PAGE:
But those numbers notwithstanding, the real effect in transformation is what counts. Is there sustainability for many of the businesses started or do they operate for a few months, repay (mostly) the loans and then succumb to the vagaries of the market; or do they transition into fledgling businesses that can be able to borrow from the commercial banks and thrive?

Normally, nine out of every ten startups fail within three years, and this is where the promoter has, on most occasions, an academic and or ample work experience coupled with an entrepreneurial competence. In instances where the loan recipients are a motley of friends and acquaintances, engaging in semi and informal underfunded businesses, the chances of survival are even slimmer.

Osumba says that the Fund has laid ample mechanisms to mitigate failure arising from owner incompetence. “The Fund provides training and other business development support services essential in nurturing and growing the young entrepreneurs. We also support them with marketing and linkages to enable them to reach and grow their markets. We are also working with other government and non-governmental organizations in order to synergize our business development support services and build on each other’s gains,” he says.

Nonetheless, there are perceptions that the fund has lost its shine, owing to the stringent requirements and the amounts of money loaned. But Osumba is quick to emphasize that the Fund is still very popular. “The only difference is that we currently have more youth focused initiatives as opposed to the past when Youth Fund was the main initiative. We are reengineering to ensure that we are more relevant to the youth. We are also enhancing partnerships so that we are able to leverage on the resources and efforts of other institutions. In addition we have introduced programs to enable the youth take advantage of new youth focused initiatives. For instance we have introduced LPO financing to enable youth take advantage of the 30% Affirmative Government Procurement Opportunities (AGPO). AGPO and YEDF are very different. YEDF provides finance and business development services while AGPO provides a market for the youth owned enterprises,” he says.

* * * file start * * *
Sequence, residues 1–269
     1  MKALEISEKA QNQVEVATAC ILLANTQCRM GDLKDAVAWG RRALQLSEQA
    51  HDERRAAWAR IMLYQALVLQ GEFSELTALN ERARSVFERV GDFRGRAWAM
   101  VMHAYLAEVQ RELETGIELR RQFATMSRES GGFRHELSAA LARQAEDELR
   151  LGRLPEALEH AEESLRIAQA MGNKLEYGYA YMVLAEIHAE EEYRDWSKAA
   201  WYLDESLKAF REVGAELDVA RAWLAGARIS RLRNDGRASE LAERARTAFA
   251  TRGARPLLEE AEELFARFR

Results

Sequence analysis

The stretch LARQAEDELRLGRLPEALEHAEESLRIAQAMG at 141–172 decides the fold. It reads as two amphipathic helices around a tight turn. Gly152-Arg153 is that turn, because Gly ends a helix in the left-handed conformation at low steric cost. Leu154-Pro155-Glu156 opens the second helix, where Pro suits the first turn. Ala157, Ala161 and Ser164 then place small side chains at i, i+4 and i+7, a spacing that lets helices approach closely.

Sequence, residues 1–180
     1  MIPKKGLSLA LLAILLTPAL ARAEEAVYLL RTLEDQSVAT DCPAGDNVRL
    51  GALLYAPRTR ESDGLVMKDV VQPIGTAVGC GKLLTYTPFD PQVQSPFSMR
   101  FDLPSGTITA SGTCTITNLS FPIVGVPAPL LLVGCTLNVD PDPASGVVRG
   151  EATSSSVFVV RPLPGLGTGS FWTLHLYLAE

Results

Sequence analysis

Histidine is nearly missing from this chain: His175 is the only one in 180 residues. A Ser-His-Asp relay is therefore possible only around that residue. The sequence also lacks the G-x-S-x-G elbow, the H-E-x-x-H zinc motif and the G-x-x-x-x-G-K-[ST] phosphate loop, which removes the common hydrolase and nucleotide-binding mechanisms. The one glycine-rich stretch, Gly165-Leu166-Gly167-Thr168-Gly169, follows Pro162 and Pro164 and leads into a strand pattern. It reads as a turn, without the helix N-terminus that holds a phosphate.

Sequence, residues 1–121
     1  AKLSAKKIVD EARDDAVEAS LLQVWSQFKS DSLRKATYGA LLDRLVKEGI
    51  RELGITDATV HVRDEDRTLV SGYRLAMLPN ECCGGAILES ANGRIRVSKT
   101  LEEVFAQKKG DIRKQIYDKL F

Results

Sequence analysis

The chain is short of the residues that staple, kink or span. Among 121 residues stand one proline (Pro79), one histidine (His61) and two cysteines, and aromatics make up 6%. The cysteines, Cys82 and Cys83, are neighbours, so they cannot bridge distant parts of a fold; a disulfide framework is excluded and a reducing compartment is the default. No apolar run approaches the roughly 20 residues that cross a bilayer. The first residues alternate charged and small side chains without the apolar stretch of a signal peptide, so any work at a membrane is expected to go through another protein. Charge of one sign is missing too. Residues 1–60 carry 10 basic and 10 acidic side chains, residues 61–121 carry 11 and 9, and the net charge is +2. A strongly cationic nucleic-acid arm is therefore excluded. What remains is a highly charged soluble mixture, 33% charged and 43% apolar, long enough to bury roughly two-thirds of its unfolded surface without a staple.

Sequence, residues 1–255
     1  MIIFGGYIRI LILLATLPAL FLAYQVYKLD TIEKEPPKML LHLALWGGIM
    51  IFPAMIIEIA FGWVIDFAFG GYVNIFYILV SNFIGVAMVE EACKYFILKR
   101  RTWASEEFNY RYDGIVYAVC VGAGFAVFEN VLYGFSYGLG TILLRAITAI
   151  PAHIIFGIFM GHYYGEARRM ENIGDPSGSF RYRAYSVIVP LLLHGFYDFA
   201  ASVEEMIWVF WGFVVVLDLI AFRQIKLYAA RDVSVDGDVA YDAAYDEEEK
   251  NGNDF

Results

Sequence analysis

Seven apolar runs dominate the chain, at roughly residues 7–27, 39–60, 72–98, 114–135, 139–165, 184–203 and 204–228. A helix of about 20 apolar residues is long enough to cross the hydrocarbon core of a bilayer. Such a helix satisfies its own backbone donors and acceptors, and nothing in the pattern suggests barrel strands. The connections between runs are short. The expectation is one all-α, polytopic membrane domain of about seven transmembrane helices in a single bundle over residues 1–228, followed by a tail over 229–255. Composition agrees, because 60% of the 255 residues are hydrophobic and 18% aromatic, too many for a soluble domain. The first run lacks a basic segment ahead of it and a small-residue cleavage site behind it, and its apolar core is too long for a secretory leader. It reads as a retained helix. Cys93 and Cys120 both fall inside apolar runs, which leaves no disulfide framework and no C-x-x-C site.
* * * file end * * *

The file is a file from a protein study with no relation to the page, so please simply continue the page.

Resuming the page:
YEDF has an officer at every sub county headquarters. Loan applicants visit these officers, discuss their business ideas with them and are assisted to fill application forms which are then sent to Nairobi for processing. The applicants must undergo a compulsory pre-financing training. Youth financing helps put youth to work thus enabling us to reap the demographic dividend.

The Fund now has varying loan limits. Group loans go up to Ksh500,000 while Business expansion loans go up to Ksh2 million. LPO loans go up to Ksh20 million while Bid bonds go up to a maximum of Ksh2 million. YEDF loans are interest free except for business expansion loans, which attract interest at the rate of 8%. “Requirements are favorable to the Youth and there’s a wide range of loans to choose from. YEDF is working on improving the turnaround time to two weeks,” says Osumba.

And just like other countries have come to Kenya to learn how public services like Huduma Centres work, so have various countries understudied the youth financing model. “We are not benchmarking with other countries. They are benchmarking with us. We are the leader in this initiative. The Fund has become a case study for other countries in the region. Among the countries that have visited to learn from our model include Uganda, Rwanda, Burundi, Zimbabwe, Zambia, Malawi, Nigeria, Namibia, Ghana and Botswana. This clearly demonstrates that Kenya was a pioneer in this initiative especially within Sub-Saharan Africa,” says Osumba.

Facts and Figures Box

Youth Enterprise Development Fund achievements:













Angua Chicks



LPO Financing



Bid bonds



Vuka loans



Financial intermediaries



Grand total



Total number of beneficiaries

886,313 youth


YEDF repayment rate varies from product to product as follows:

  1. Vuka – loans given to youths who are already in business for business expansion.

Repayment Rate: 90%.

  1. Group Loans – these are loans given to group as a whole or individuals in a group.

Repayment Rate: 80%

  1. LPO Loan

Repayment Rate: 60%

  1. Agri-Vijana Loan- loans for Green Houses

Repayment Rate: 46%

2 Comments to “Youth development as a panacea to economic growth”

  1. Ronnie Osumba says : Reply

    Thanks for helping spread the word